Access Tourism New Zealand reported that at last week’s UN “ESCAP Takayama Congress on the creation of an inclusive and accessible community in Asia and the Pacific,” a committee of eleven representatives created a declaration laying out 20 recommendations aimed at improving accessibility for people with disabilities (PwDs) in the region, including accessibility to tourism and travel products.

The committee, chaired by Aiko Akiyama, Social Development Division, UN Economic and Social Commission for Asia-Pacific, included members from Malaysia, the Philippines, Pakistan, Hong Kong, Japan, and New Zealand. Congress participants from 15 Asian-Pacific countries subsequently adopted the declaration at the UN meeting. The committee and other congress participants represented access tourism organizations, academic and research institutions, governments, the private sector, disabilities organizations, individuals with disability, and/or development organizations.

The “Takayama Declaration on Development of Community for All” lays out recommendations on regional networking, advocacy, policy development, research and data collection, capacity building, and resource mobilization on improving accessibility. The Congress was held from November 24-26 in Takayama, Gifu Prefecture in central Japan, using the host city as an example of a success story in creating an accessible environment for PwDs, especially in tourism.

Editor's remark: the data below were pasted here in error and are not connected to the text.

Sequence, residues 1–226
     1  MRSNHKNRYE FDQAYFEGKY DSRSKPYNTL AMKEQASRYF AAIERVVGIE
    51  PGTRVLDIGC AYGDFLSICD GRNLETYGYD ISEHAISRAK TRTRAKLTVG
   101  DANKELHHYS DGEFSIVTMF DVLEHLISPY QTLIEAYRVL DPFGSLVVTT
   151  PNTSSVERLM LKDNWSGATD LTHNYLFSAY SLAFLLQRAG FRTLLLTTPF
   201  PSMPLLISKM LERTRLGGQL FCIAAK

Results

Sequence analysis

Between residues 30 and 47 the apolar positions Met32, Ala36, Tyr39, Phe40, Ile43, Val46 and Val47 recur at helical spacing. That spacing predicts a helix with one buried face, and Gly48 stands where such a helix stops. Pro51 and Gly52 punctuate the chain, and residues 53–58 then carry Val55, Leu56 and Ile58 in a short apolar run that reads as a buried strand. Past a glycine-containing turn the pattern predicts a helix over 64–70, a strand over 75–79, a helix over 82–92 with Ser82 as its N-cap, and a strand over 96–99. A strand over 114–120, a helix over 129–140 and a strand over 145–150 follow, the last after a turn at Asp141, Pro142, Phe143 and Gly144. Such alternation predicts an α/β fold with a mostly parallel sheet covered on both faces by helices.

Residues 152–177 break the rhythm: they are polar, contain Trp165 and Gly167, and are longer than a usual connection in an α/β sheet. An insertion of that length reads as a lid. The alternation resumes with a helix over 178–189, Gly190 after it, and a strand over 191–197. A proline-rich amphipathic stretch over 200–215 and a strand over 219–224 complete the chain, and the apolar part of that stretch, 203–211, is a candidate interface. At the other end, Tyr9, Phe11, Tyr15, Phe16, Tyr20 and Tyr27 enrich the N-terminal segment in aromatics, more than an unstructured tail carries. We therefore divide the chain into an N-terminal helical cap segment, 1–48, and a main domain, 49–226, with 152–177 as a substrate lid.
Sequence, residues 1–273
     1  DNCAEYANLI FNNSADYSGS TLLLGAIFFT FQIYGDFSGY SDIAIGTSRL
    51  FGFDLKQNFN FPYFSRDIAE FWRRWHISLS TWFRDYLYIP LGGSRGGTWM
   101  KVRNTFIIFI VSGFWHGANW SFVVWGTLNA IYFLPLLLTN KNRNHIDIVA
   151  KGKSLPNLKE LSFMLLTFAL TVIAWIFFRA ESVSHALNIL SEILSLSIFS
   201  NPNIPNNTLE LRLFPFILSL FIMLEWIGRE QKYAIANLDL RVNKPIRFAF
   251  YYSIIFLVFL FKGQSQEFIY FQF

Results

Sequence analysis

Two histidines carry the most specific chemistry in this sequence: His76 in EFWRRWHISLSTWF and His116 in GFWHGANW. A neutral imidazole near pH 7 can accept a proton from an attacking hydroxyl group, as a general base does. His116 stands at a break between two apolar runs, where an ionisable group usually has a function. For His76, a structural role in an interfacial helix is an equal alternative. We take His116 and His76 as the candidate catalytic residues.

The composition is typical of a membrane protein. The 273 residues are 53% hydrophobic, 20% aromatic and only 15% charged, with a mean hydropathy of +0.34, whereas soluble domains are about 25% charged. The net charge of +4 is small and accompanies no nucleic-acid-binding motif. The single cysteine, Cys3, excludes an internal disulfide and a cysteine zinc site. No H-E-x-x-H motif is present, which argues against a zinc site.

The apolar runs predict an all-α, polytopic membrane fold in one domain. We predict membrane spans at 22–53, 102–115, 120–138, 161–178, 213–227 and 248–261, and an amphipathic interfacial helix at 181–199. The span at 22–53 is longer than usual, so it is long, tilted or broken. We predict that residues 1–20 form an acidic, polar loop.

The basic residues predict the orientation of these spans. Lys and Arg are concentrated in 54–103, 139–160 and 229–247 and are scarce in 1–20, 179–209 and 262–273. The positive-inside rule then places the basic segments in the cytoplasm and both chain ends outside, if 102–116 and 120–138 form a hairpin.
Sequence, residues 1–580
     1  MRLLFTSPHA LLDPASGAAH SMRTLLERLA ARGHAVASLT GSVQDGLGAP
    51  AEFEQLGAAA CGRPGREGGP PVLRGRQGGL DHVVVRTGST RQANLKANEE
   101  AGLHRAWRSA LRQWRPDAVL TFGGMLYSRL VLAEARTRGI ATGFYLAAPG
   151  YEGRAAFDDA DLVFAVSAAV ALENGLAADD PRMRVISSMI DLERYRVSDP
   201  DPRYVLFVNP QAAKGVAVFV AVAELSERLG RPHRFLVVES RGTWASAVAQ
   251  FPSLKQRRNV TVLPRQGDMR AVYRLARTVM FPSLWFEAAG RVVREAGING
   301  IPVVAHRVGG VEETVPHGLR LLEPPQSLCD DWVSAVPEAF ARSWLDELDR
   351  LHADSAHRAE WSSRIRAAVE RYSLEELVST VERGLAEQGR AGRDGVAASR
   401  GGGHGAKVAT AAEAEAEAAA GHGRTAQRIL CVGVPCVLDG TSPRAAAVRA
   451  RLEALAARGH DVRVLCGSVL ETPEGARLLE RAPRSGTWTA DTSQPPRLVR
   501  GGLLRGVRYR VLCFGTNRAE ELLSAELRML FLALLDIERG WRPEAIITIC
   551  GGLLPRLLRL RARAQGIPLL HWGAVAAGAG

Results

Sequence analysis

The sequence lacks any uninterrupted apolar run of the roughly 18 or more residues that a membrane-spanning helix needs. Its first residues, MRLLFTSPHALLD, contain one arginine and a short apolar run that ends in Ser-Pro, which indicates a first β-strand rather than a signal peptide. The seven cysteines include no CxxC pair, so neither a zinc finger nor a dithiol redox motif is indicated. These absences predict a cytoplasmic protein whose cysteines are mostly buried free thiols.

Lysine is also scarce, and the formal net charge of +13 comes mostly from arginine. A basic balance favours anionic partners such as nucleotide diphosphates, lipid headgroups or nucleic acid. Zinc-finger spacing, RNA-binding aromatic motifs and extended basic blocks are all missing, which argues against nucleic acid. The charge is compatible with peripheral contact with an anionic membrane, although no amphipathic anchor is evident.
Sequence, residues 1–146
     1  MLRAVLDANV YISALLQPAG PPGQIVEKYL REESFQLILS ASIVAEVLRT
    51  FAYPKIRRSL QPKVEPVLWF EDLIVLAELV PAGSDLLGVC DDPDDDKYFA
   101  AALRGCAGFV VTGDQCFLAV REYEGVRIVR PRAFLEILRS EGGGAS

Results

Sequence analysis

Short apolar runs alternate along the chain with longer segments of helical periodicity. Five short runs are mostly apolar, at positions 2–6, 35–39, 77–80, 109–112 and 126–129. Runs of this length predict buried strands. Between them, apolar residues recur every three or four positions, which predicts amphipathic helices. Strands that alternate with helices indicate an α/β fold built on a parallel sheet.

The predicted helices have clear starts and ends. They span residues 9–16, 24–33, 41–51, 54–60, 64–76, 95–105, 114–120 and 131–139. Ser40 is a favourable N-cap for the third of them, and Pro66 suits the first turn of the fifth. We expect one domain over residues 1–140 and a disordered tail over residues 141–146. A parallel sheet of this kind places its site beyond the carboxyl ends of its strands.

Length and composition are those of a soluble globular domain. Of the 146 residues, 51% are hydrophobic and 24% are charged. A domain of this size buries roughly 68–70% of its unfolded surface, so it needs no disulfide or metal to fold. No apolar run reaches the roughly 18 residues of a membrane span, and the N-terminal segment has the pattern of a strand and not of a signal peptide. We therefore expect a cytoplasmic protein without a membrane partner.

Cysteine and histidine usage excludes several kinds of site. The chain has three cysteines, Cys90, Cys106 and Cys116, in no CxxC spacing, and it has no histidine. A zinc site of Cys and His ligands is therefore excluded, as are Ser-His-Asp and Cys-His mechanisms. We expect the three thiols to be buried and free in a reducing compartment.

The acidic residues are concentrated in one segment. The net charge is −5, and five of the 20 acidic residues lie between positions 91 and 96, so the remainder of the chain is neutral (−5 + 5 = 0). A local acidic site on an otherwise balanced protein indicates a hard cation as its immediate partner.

A mountain resort, Takayama has been promoting accessible tourism for the last 18 years, creating economic opportunities, as well as a more barrier-free environment for persons with disabilities. The local authorities, working in partnership with the private sector and civil society organizations, made improvement to facilities in the city to make them more barrier-free and purchased accessible devices and means of transportation. Mayor Mamoru Tsuchino, who pioneered these initiatives, spoke at the conference.

During the three-day meeting, about 200 participants – policy makers, tourism professionals, experts on accessibility, and persons with various disabilities – made field visits to various accessible facilities to learn from Takayama’s experiences. They also had opportunities to meet local residents whose awareness of and respect for the needs of persons with disabilities have contributed to the success of making Takayama a barrier-free community for its own citizens and for visitors to the city.